Monday, March 02, 2009

Seeking 21st Century Solutions to America’s Forest Health Crisis

The U.S. Endowment is serving in a catalytic role in a broad-based initiative regarding the potential of biotechnology as a tool in the fight to address forest health challenges. The partnership is designed to assess the potential to develop and deploy scientifically-sound, socially acceptable and rigorously vetted/regulated approaches that might see the benefits of biotechnology used in the fight against the ever increasing list of alien pests and diseases that threaten North America’s forests.

The partnership – “Advancing Forest Health through Biotechnology” -- is a three-year perhaps $10M effort that will use the American chestnut as the test tree. The Endowment has pledged $1M to the effort and will serve on the Steering Committee along with other core funding partners, the USDA Forest Service and Duke Energy. Additional guidance and oversight on the Steering Committee comes from Environmental Defense Fund, The Nature Conservancy and a retired forest scientist.

The Forest Health Crisis in North America is Large and Growing
Millions of acres of North American forests (perhaps as many as 58 million acres in the U.S. alone) in every region of the continent are suffering under an onslaught of pests both endemic and exotic unprecedented in human history.

Global climate change and expansion of global trade both portend a future with an increased number of forest health threats with accelerated rates of expansion.

Traditional Means to Address Emerging Threats Aren’t Enough
Traditional tools to address these emerging challenges fall woefully short of meeting needs. While tens of millions of dollars are being spent to fight existing and emerging threats, most result in triage at best with millions of acres and billions of dollars in forest value lost. (Annual timber losses from exotic pests in the U.S. are estimated at $4.2 billion – not accounting for monitoring, control and environmental losses.)

New challenges and the rapid nature of their expansion call for new tools in the fight. Forest biotechnology offers the potential to provide at least one new tool under timelines not practical with any other technology or response.

Foundations Should Lead and Take Calculated Risks that Others Cannot
The U.S. Endowment believes that it is the responsibility of Foundations to do those things that others can’t or are unwilling to undertake. Biotechnology is neither a panacea nor is it likely the plague that some suggest. The Endowment believes that the best way to explore the scientific potential of the technology is to do so in an open/transparent way that is conducted concurrently with societal discussions and regulatory engagement and oversight.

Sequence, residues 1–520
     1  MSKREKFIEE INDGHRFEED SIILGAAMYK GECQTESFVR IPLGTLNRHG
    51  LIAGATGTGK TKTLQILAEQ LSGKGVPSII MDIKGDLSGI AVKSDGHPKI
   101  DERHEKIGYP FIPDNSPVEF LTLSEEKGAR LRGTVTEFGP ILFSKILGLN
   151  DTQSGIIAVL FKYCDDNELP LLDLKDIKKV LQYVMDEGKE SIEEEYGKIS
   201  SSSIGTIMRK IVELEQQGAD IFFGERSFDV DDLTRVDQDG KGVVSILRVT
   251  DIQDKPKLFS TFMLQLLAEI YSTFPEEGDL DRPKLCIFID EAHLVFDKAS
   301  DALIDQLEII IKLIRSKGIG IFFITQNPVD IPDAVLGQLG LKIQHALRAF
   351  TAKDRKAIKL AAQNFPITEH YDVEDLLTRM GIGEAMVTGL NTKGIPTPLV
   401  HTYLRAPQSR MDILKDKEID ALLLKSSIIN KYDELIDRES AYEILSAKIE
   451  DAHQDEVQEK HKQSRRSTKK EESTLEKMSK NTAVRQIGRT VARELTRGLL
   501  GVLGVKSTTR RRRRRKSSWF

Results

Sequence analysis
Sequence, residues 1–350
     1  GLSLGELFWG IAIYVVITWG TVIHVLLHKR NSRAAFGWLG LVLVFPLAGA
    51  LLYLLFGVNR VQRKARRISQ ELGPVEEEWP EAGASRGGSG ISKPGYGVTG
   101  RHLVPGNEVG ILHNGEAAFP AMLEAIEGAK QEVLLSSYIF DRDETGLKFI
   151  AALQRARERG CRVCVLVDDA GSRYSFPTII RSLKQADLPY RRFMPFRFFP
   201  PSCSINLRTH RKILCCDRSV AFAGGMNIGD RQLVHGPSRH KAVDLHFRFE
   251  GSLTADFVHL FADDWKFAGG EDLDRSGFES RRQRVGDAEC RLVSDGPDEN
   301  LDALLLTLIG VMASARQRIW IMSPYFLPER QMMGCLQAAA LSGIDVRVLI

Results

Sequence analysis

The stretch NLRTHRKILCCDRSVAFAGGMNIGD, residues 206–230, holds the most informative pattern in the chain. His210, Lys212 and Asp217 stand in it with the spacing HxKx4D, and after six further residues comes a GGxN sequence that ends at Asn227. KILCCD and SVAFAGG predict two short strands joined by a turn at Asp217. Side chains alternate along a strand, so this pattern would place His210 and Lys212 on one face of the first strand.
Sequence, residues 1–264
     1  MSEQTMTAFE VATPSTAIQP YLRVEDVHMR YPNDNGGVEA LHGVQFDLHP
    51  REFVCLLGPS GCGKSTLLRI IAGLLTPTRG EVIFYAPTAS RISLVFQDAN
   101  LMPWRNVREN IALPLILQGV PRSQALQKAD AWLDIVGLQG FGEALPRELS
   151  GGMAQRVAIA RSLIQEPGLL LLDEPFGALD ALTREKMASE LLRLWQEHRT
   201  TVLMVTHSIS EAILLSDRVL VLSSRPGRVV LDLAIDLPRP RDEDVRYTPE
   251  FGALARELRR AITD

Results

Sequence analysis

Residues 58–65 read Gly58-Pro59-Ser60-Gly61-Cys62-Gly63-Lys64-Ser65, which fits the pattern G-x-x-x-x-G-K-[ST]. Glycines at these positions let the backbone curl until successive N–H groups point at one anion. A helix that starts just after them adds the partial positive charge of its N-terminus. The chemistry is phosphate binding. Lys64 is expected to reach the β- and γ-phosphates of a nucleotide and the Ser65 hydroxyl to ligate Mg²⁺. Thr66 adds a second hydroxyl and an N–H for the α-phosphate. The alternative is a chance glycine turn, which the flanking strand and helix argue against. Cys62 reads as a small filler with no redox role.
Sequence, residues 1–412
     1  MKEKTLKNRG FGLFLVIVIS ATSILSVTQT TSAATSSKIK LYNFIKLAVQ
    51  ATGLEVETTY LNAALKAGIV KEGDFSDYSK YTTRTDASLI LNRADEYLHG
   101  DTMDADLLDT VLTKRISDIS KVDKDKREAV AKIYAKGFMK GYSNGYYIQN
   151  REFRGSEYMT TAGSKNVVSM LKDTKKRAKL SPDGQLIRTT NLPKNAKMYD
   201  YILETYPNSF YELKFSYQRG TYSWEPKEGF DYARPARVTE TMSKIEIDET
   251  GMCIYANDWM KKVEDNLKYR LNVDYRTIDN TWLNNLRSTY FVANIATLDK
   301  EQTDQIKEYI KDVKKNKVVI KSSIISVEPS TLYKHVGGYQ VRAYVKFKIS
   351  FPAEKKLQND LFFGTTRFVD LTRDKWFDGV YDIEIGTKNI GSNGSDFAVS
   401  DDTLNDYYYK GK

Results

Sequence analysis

If the Endowment were to try and engage in traditional battles to address forest health challenges, our additional resources while important, would do little to advance the field. However, through a catalytic role and tightly-focused investment in biotechnology we have the potential to offer societal and forest health values that far exceed our small investment.

Science without Consideration of Social and Regulatory Interests Is Unacceptable
In keeping with the Endowment’s approach to all of its work, advances from this investment would be broadly available to society and all work would be conducted in an open/accessible manner. What sets this initiative apart from others is the commitment to concurrently integrate the science, social and regulatory paths in a single plan.

Frequently Asked Questions
Why is the Endowment supporting this initiative?
Adding a new tool to address North America’s forest health needs fits well with our mission of promoting sustainable forestry and even more directly nests within our initiative to address retention and restoration of healthy working forests. It also aligns well with our core commitments to creating new economic values from forests and benefit communities.

Why is the American chestnut the test tree?
American chestnut was once perhaps the most valuable and wide-spread tree in eastern forests. Its importance as a building material was unmatched. Yet, that is only part of the story. Chestnut was among the nation’s most desirable wildlife food crops as well as a staple for people. By focusing on an iconic tree that crosses the lines of economic and ecological value we have the potential to engage a broad base of interests.

What do you see as some of the biggest benefits potentially coming from this initiative?
While gaining a plantable American chestnut that could offer a new tree and nut crops to landowners and communities up and down the Appalachians would be important, even that pales in comparison to providing new, safe, economical and rapid means to address the growing number of forest health threats.

Aren’t you afraid that biotechnology will go awry and yield “Frankintrees?”
We acknowledge that biotechnology isn’t without potential risks. That said, we too must put things in perspective. Humans have been manipulating plant genes for literally thousands of years through traditional genetic crosses to yield plants and products that meet human needs. The advantage of this work is that it takes a holistic approach to the issue: science will be conducted concurrent with review of societal concerns and regulatory safeguards. Too, as another contextual issue, this work isn’t what one saw in the highly entertaining and perhaps frightening Jurassic Park. In this pilot, two closely related trees – American chestnut and Chinese chestnut – form the base for the work.

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